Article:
Economy

Niger is among the world's poorest countries, and suffers from a high level of poverty and a low level of human development. As of 2011, 40 per cent of the population lived on less than US$1.25 per day and the UNDP rated the country 186 out of 187 in terms of human development in 2011.[6] Despite these figures, Niger has made significant progress in a number of areas: under 5 mortality has fallen sharply from 320 to 130 per thousand people over the last 20 years, and primary school enrolment has risen from 29 per cent to 76 per cent over the same period. Nevertheless the national economy, which is heavily reliant on the mining of rare minerals such as uranium, agriculture and informal trading is extremely vulnerable to exogenous shocks, and droughts can cause serious economic problems in addition to the risks of malnutrition and famine.[7]

Media and civil society

Media freedom has increased markedly in recent years, leading Reporters Without Borders to rate the country 29 out of 179 in its Press Freedom Index, a rise of 75 places in a single year.[8] This change reflects the improved situation since the end of the Tandja presidency. Three laws were adopted between June 2010 and February 2011 decriminalising media offences and establishing a new media regulatory body, as well as instituting a freedom of information law. Niger has 50 weekly and monthly publications, about 30 radio stations and seven TV stations, made up of publicly and privately owned outlets. Media have a great deal of freedom and express a range of opinions, but the country's press are generally underfunded, and journalists rarely obtain professional contracts. Online content is almost non-existent.[9]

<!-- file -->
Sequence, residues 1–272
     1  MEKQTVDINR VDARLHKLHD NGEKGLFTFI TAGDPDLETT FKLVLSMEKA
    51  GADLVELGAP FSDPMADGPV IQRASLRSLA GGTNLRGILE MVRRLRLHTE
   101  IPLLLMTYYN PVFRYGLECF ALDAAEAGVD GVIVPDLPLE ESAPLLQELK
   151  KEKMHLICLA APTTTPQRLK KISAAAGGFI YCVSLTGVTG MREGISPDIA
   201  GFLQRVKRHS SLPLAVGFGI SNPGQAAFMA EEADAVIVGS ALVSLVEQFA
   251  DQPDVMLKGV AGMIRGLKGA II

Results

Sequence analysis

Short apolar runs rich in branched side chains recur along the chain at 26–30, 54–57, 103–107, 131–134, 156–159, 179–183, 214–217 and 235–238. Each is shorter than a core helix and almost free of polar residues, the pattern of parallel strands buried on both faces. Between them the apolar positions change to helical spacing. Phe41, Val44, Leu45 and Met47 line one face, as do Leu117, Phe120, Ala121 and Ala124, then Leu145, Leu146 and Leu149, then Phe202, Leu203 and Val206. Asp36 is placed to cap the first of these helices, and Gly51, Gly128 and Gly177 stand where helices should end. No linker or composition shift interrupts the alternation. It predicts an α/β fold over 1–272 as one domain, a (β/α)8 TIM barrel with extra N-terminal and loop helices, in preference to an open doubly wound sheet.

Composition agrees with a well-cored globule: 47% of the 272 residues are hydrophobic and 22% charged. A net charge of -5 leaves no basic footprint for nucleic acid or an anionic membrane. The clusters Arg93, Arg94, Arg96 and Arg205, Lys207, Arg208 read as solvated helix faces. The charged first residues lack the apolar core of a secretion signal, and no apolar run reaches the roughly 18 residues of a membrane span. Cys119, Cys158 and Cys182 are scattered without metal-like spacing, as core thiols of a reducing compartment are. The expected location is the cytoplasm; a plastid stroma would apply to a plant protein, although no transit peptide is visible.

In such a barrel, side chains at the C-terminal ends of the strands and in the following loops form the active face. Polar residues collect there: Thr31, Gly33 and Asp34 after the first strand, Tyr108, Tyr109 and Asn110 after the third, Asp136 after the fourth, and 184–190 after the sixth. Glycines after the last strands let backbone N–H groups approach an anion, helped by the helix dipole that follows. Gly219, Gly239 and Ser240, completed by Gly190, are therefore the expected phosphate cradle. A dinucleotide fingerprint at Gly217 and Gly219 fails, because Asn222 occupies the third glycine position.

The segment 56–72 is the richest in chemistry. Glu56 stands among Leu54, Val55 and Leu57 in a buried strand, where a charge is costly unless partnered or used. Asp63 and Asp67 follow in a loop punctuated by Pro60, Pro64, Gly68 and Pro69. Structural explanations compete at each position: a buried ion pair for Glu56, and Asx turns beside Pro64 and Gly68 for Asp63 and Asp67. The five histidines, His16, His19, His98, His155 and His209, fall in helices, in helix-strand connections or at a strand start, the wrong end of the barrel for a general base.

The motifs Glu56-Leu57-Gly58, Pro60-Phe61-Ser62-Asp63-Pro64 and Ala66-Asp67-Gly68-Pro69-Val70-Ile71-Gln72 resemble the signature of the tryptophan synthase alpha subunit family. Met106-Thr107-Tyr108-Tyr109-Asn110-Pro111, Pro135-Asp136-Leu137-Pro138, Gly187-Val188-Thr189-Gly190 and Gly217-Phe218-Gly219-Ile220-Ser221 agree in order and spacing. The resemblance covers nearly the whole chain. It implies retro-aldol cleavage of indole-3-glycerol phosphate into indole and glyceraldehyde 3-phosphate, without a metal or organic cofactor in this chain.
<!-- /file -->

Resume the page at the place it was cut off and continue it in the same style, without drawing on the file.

Human rights and children's rights

The human rights situation in Niger has also improved dramatically since the return to civilian rule in 2000, though non-governmental organisations and the UN human rights mechanisms have continued to raise concerns about serious human rights violations. In the aftermath of the coup of 2010, a number of military officers and two leading political figures were arrested and detained without charge for several months. Al-Qa'ida in the Maghreb is also reportedly responsible for the kidnapping, killing and detention of foreign nationals in the north of the country.[10] Of particular concern for children are persistent reports of harmful traditional practices, including early marriage and female genital mutilation. Despite progress with regards to education, women and girls also suffer disproportionately from failings in the education system.[11]

  1. UNDESA, "Population Statistics 2011"
  2. Foreign and Commonwealth Office, "Niger Country Profile" 17 October 2011
  3. BBC, "Niger coup leaders name transitional government" 2 March 2010
  4. See European Union Election Observation Mission to Niger 2011
  5. BBC, "Niger 'foils plot against President Mahamadou Issoufou'" 26 July 2011
  6. UNDP, "Niger Country Profile: Human Development Indicators" 2011
  7. The World Bank, "Niger: Country Brief" April 2012
  8. Reporters Without Borders, "Press Freedom Index 2011/12"
  9. Reporters Without Borders, "World Report: Niger" October 2011 and "'Turning the page'- report on hopes for media freedom in Niger and Guinea" 28 July 2011
  10. Amnesty International, "World Report 2012: The state of the world's human rights"
  11. CRIN, "NIGER: Persistent violations of children's rights"

Sources: